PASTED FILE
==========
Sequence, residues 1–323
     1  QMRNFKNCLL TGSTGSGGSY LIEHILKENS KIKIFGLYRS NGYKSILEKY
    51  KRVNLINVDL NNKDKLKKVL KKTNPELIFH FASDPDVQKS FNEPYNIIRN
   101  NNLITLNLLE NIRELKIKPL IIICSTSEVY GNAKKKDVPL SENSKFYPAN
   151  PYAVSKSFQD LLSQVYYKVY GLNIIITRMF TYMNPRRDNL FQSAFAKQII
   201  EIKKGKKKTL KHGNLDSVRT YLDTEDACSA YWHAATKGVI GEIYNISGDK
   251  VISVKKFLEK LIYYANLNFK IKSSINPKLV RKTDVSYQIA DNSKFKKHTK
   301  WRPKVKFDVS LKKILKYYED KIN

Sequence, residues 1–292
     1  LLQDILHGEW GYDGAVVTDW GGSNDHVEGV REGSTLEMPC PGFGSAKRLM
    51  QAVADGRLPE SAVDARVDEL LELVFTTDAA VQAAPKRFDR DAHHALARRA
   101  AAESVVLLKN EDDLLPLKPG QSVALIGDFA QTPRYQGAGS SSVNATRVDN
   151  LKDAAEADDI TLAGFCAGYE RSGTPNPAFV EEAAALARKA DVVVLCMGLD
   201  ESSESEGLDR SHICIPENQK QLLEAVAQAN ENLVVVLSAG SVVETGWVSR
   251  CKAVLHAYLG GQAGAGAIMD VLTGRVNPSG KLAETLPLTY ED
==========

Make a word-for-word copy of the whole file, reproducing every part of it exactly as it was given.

Sequence, residues 1–323
     1  QMRNFKNCLL TGSTGSGGSY LIEHILKENS KIKIFGLYRS NGYKSILEKY
    51  KRVNLINVDL NNKDKLKKVL KKTNPELIFH FASDPDVQKS FNEPYNIIRN
   101  NNLITLNLLE NIRELKIKPL IIICSTSEVY GNAKKKDVPL SENSKFYPAN
   151  PYAVSKSFQD LLSQVYYKVY GLNIIITRMF TYMNPRRDNL FQSAFAKQII
   201  EIKKGKKKTL KHGNLDSVRT YLDTEDACSA YWHAATKGVI GEIYNISGDK
   251  VISVKKFLEK LIYYANLNFK IKSSINPKLV RKTDVSYQIA DNSKFKKHTK
   301  WRPKVKFDVS LKKILKYYED KIN

Sequence, residues 1–292
     1  LLQDILHGEW GYDGAVVTDW GGSNDHVEGV REGSTLEMPC PGFGSAKRLM
    51  QAVADGRLPE SAVDARVDEL LELVFTTDAA VQAAPKRFDR DAHHALARRA
   101  AAESVVLLKN EDDLLPLKPG QSVALIGDFA QTPRYQGAGS SSVNATRVDN
   151  LKDAAEADDI TLAGFCAGYE RSGTPNPAFV EEAAALARKA DVVVLCMGLD
   201  ESSESEGLDR SHICIPENQK QLLEAVAQAN ENLVVVLSAG SVVETGWVSR
   251  CKAVLHAYLG GQAGAGAIMD VLTGRVNPSG KLAETLPLTY ED